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Parties: A Big Event for All the Family

Writer(s): 
Joy Jarman, Trident College, Hiroshima

 

QUICK GUIDE

  • Key Words: Motivation
  • Learner English Level: All
  • Learner Maturity Level: All
  • Preparation Time: Varies
  • Activity Time: Varies

There are New Year and Christmas parties given in almost every English school, but how often do we treat ourselves and students to the kind of party we can both relax at and enjoy together? I hate going to karaoke parties because I don't enjoy singing in that kind of situation. While chatting with others at the party, I dread my inevitable turn at the mike. On the other hand, I've never been able to relax at other types of student parties because there's a great similarity to teaching when you have the burden to provide the entertainment and games.

I was lucky enough to be a part of a different style student party in Oita, Kyushu. It was a real success mainly because students and teachers worked together to provide fun and interesting entertainment. There were 150 students and family members gathered in a big hall with limited provisions. The emphasis of the party was not on eating and drinking. Many had bought tickets in advance to help pay for the hall rental and drinks, and those that didn't were asked to donate at will. All the students were asked to prepare one performance in each class that they would do at the party.

A lot of them were panicking until they were told "Anything goes!" There were then a lot of volunteers and ideas which resulted in a great variety of acts. Everything from a soccer dribbling demonstration to karaoke, jazz dance, choreographed lip-synching, the hula, and an original song and piano accompaniment were received with equal praise and enthusiasm.

After the talent show, three games were organized which work amazingly well with groups of mixed ages and abilities. Because not everyone was a student, the questions and instructions were translated into Japanese, although there was a definite time advantage for those who understood the English. The first game was the favorite YES/NO game, simply played by asking a yes/no question and everyone choosing one side to stand on which showed their choice of yes or no. The questions were based on local trivia about their teacher and English which all students might know. The people who stood on the "yes" half of a "no" answer would then sit down until there was only one person left.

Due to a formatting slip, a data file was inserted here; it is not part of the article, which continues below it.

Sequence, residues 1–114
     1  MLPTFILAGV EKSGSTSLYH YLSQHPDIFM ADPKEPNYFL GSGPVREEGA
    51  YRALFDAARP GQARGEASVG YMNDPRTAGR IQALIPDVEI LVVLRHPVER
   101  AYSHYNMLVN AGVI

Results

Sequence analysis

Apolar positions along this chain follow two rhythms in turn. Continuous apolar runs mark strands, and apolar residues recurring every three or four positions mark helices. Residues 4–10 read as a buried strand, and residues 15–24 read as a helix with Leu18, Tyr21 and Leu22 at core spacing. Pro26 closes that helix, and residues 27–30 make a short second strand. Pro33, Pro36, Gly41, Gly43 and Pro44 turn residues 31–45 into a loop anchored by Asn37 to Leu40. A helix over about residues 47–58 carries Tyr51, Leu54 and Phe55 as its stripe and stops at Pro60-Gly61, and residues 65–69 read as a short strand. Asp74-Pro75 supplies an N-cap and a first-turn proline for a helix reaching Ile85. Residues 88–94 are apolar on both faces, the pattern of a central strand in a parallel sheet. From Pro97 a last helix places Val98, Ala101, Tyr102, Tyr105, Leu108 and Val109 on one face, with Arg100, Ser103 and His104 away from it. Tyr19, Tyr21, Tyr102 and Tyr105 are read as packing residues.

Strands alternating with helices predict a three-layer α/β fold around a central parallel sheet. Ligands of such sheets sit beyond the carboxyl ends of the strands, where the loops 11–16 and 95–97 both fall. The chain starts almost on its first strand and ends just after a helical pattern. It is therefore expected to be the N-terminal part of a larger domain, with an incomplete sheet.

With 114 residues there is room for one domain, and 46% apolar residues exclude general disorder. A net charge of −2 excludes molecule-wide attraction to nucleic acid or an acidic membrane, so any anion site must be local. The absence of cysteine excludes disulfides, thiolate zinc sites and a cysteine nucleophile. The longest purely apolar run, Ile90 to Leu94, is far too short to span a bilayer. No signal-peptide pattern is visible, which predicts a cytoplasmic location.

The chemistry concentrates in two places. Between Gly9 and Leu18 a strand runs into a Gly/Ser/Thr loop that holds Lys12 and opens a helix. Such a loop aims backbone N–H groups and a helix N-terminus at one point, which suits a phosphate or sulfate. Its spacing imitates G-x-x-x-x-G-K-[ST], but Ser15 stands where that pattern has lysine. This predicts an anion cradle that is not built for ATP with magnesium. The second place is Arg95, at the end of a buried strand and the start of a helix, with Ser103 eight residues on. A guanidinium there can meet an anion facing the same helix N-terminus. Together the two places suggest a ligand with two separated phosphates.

The next game was the highlight of the evening and is a great activity for any large class. I call it the "what have you got" game and I've used it in many high school classes successfully. It's a scavenger hunt style game with a twist. We broke the group up into smaller groups, with each group having a similar makeup of adults and children. The teacher, or appointed "judge," then stands in the middle of the groups and calls for things he wants. "I want two ball-point pens of different colors" he yells and the first representative, or "runner," from a group who gives it to him wins a point for that group (only one runner per group). The requests of the judge gradually become more demanding and this is when the excitement and laughter level increases as well. Some good examples are: "I want . . . a strand of hair exactly 13 cm long" (the judge has a ruler), "the group who can sing my (the judge's) favorite Elvis song," "the ugliest driver's license picture," "each members' signature written by another on a business card" (no person can sign his own signature, but must tell others how to), etc. The final demand would be for the team to complete a task of some kind. My favorite is a group effort to blow at a tissue to keep it afloat as long as possible while huddling in a tight group. Or final points could be given to the group which can make the best human pyramid. It's a game participants will be telling their friends about.

The final game of bingo helped wind everyone down after all the excitement. It was also a chance for many people to win one of the many prizes donated by the teachers. Whoever says second-hand goods aren't popular in Japan are wrong; people love them! The grand prize was a second-hand bike fixed up like new.

The atmosphere of the party was friendly and comfortable with everyone encouraging each other and meeting new people in a fun and informal environment. Some of my students at college recently told me how much they enjoyed singing carols in the lobby at Christmas, but I now realize that's only the tip of an enjoyable international experience. I'm looking forward to organizing more events for them like the one in Oita where they can relax and enjoy events set up for enthusiastic and friendly people with a similar interest in English.

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